As Latter-Day Saints we have a sure knowledge of the Plan of Salvation, and know our place in it. We know that this life is but a small part of our own eternity. My Patriarchal Blessing tells me, “While the world is in commotion and there’s a lot of unrest, and there’s not the happiness that needs to be there, remember that in the Kingdom of God things are intact.”I think this is important for people like me, who empathize with the world, and are saddened by the poverty, and the acts of hatred and violence that are so prevalent in today’s world. If you’ve gotten this far in reading, then you are also likely to benefit from such comfort.

While all is NOT well in Zion, it is well in the Kingdom of God, and will all be straightened out on the other side. The saddest part may be the number of people whose hearts are closed to the word of God because of their hatred for the God’s children who do not match their narrow description of good human beings.

Monday, August 4, 2014

Seek to Serve

It's hot tonight in Oregon, and Oregon doesn't believe in AC, just box fans in the window. When its this hot I can't sleep. When I can't sleep I either listen to the Helen Jane Long radio station on Pandora (calm piano), or listen to the scriptures/conference talks on the Gospel Library app for Android.

Tonight, I chose the October 1997 General Conference. I got through the first two talks before I had to move to a cooler location. (I.e. the couch) So here I am, on the couch blogging from my smartphone.

Before I started this though I was stalking my measly 200 friends on Facebook. One of them posted this meme:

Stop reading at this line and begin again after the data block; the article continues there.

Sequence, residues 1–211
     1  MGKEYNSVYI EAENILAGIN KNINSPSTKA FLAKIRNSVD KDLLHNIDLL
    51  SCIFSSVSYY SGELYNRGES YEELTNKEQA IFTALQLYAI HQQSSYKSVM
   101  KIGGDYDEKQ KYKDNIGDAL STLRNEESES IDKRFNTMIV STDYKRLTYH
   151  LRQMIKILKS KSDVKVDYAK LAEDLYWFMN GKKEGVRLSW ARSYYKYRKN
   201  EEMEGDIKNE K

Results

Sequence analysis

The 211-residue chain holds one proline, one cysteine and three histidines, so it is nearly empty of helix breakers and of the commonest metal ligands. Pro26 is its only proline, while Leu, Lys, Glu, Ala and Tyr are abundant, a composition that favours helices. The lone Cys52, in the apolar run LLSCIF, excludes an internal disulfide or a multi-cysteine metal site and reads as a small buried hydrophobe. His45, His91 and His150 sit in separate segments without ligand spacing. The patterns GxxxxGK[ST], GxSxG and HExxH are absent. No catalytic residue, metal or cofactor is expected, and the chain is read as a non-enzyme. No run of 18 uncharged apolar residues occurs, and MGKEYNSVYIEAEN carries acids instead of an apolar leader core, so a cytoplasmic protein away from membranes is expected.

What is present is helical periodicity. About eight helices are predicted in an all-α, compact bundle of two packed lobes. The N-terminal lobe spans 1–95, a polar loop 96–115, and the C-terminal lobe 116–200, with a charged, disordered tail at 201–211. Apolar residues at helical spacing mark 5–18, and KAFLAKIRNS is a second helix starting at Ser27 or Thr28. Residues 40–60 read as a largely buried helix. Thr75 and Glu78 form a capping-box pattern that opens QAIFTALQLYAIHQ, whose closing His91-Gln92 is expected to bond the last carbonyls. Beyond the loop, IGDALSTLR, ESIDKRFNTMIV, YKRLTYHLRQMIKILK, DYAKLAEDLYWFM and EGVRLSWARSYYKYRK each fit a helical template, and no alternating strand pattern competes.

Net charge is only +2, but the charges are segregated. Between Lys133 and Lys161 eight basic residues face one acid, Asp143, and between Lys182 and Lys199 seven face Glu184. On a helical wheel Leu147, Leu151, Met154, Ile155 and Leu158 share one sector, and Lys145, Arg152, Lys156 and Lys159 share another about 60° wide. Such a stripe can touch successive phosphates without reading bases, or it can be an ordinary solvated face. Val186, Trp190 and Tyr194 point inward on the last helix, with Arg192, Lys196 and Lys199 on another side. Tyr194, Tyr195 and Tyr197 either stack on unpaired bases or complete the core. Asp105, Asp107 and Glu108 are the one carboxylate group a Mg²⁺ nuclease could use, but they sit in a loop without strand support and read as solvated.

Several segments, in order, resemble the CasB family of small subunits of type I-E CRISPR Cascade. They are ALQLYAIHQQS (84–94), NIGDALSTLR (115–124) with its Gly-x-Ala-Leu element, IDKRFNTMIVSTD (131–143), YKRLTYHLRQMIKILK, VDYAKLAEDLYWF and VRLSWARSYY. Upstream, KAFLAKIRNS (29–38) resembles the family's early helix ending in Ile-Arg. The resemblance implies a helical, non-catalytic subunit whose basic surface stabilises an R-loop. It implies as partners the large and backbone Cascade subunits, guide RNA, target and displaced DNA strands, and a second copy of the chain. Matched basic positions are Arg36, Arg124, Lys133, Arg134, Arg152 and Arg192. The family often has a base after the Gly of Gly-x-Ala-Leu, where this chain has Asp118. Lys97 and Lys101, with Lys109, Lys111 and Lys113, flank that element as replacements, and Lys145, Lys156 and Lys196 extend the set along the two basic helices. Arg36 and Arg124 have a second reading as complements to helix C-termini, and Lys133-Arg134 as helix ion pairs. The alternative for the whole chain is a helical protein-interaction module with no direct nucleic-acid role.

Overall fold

Found here

This meme went perfectly with those first two conference talks. In the second talk, "Called to Serve", President Boyd K. Packer talks about our service in the church, not just serving in callings, but serving with our hearts, and spirits, not just when called by revelation from Priesthood Authority, but when revelation from the Holy Ghost calls us to serve.

This goes in line with the meme above because we don't know the fight others are putting up, but our Father in Heaven does, and he gives each of us the Gift and inspiration of the Holy Ghost to serve our fellow creatures.

The first steps are the hardest. We don't always know the voice of the Spirit if we aren't accustomed to listening to it. So we don't know if we are on a wild goose chase, or following the Spirit until we've tested our inspiration.  However, we can learn to hear that voice, and discern its origin.

Elder Packer tells us to " cultivate a spirit of service." And this may be the best advice. We need to first show the Lord that we are willing to serve, and will follow his inspiration. When we have proven that he can trust us with his revelations, then he can send us where he needs us.

How do we cultivate the Spirit of service? Just do it. Get out there, and serve. Start with helping set up chairs before church, prepare your lessons, talks, etc. Carefully and with your class in mind. Pray for guidance. Talk to your bishop about your desire to build your desire to serve.

There is also an unintended consequence of service. I've seen it more times than I know. That is friendship. When you serve others you learn to love them, and you make strong bonds based on mutual respect, and love.

This, I think, is an important lesson for our day. We live in a world that is perpetually more and more inward facing. Many people care only for themselves, and their conveniences. Few take their headphones off to listen, talk, or serve. It is a sad state of affairs.

Let us not forget the two greatest commandments, to love God first, and our neighbor second. I pray that we haven't yet forgotten, and if we have, that we can remember again.

Remember, you don't know the struggle of another, so be prepared to listen to the Spirit, and serve with all your heart. If you are prepared, the Lord will trust you to follow his guidance.